beachEDITOR S NOTE: I found this post at SimpleMarriage.net and I think they have tremendous info there… Here’s an editor’s Note at the top of the article: “This post has a great deal of psychobabble included. I apologize up front.” I think it’s very interesting, pyschobabble included…

You walk in the door and are greeted with honey, we need to talk about a few things. If you re human, your insides immediately tighten and your defenses may prepare for battle. It s a common occurrence.

Your spouse tells you what s going on in their head and you react.
The status quo is being threatened and while you may have grown tired of the relationship routine as well, your reaction is anything but open to their perspective.

Why is it that when an important person in our life (i.e. spouse) shares something and we disagree, it s more likely to turn into World War 3 than a honest discussion? Perhaps this is due to some belief that marriage is two people becoming one symbiotic entity. The Bible even alludes to this point and the two shall become one.

While this belief is true, the lens to view marriage needs to be adjusted.
Marriage is a symbiosis. But this relationship is not intended to produce happiness. It s the mechanism to produce better people.

Marriage is a people growing machine. That s the way it s designed. The two becoming one concept in the Bible is more about the sexual union and creation of a family than each spouse giving up their individual identity and only being a married couple.

In order to get the most out of marriage, it s necessary to have the proper view of what s going on. The natural conflict that occurs in marriage is part of the growing up process. It s unrealistic to believe that you and your spouse are going to agree on everything. Finances, parenting, in-laws, the list goes on and on.

Often to avoid conflict in marriage it appears easier to accommodate your spouse or avoid the tense topics altogether. The problem this creates is over time with the inevitable relationship conflicts, there will be less areas for discussion. There s the old saying about being able to point out the married couple eating dinner in the crowded restaurant: they re the ones not talking to each other.

The couple isn t talking because they ve already said everything there is to say, it s more likely they don t want to hear what the other person is thinking.

Deep down married people are trapped in a conundrum. You want to know your spouse on a deeper level, to connect more and share more with them, but you open yourself up to not liking what they think or feel about something. To put it another way, you want a more expressive spouse, but want to control what they express.

In order to get closer to another person, you risk loosing yourself. Every person in marriage faces a continuum of separateness and togetherness. Me versus we. The desire to chart your own course in life and the desire to connect with another person.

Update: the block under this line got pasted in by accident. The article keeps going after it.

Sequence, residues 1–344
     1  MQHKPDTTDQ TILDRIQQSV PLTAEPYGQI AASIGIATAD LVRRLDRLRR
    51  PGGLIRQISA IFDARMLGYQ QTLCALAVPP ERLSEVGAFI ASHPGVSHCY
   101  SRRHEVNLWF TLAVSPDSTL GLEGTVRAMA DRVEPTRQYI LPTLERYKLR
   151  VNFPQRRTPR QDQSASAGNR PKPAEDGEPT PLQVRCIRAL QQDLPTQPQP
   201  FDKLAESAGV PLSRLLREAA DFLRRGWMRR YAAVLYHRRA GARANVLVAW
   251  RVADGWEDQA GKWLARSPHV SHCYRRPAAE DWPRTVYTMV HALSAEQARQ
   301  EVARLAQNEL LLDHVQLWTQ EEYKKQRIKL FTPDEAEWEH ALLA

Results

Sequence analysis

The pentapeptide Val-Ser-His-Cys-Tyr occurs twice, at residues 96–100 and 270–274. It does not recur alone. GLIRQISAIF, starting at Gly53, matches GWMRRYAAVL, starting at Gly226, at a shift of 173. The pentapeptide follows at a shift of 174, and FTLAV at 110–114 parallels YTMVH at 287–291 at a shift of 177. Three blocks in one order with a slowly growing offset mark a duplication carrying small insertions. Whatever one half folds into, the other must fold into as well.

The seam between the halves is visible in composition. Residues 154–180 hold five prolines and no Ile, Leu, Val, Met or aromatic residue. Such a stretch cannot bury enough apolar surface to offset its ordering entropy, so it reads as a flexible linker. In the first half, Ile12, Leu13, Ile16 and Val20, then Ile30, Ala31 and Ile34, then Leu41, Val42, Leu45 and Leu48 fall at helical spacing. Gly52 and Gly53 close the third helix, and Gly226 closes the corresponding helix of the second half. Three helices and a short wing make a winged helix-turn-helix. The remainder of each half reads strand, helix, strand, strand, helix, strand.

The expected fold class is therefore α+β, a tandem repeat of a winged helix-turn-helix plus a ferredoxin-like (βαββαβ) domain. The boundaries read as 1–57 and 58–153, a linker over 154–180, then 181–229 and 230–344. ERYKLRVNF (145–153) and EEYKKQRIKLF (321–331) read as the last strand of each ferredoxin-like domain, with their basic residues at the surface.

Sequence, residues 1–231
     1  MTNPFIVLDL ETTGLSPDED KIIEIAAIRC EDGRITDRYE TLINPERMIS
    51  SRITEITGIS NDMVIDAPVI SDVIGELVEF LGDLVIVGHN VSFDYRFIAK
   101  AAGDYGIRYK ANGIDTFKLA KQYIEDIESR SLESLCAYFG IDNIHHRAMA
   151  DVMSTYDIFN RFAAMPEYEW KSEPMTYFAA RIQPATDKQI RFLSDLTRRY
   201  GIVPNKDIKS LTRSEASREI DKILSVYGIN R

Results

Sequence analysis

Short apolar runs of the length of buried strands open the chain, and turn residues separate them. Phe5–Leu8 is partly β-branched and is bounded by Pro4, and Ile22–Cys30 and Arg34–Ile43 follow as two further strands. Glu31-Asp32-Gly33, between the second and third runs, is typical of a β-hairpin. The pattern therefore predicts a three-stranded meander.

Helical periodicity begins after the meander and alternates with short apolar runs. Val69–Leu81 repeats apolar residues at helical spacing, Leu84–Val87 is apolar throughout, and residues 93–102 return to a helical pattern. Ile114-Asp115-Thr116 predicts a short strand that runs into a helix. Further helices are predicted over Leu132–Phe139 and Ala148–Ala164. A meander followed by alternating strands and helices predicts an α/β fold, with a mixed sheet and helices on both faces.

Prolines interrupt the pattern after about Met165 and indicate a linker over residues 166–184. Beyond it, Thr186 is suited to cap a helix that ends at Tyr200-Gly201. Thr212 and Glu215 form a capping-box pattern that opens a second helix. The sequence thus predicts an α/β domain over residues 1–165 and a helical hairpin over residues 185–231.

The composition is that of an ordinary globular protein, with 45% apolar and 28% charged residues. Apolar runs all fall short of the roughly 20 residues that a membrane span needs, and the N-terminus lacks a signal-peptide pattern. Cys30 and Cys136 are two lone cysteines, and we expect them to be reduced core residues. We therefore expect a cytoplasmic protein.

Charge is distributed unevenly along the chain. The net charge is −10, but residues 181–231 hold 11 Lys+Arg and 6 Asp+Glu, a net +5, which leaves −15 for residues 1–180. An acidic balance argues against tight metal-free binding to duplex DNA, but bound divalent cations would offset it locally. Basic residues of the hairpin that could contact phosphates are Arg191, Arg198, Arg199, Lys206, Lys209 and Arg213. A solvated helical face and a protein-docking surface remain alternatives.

The psychobabble term for this is differentiation. It s the ability to handle these two ends of the continuum without going to either extreme. Now this doesn t mean you are able to remain balanced in the middle, differentiation means you are able to get close to another person AND keep a clear sense of self.

Differentiation is a term coined by Murray Bowen, who believed there is a theoretical scale of human functioning from low to high. According to Bowen, there is no normal. He s even quoted as saying there s a little schizophrenia in all of us.

As we begin this series, it will help to define these levels as a framework.

Lower differentiated people-

  • Unable to separate feeling from thinking
  • Reactive emotionally driven
  • Stuck together with or cut off from family and/or significant others
  • Conform (chameleon) or rebel (bully)
  • Need to control functioning of Others
  • Less flexible, less adaptable, more emotionally dependent
  • Easily stressed into dysfunction, difficult to recover from dysfunction
  • Inherit a high percentage of all human problems
  • Life course determined by what feels right

Higher differentiated people-

  • Able to access thinking in high anxiety
  • Responsive thoughtful consideration
  • Connected with significant others while maintaining separate Self
  • Self-defined, Self-validating
  • Focused on control of Self functioning
  • More flexible, more adaptable, more emotionally independent
  • Cope better with life stresses, recover rapidly from stress induced dysfunction
  • Remarkably free of human problems, lives are more orderly and successful
  • Life course based on principled beliefs (Bowen, 1978)

Next, we ll explore more in depth the emotional reactivity found in many important relationships.
Until then, where are you on the differentiation scale? Be honest. No rose colored glasses. And again, this is about you and your level, not your spouse.

I’ll be posting articles I like from here often, let me know what you think…Sarah

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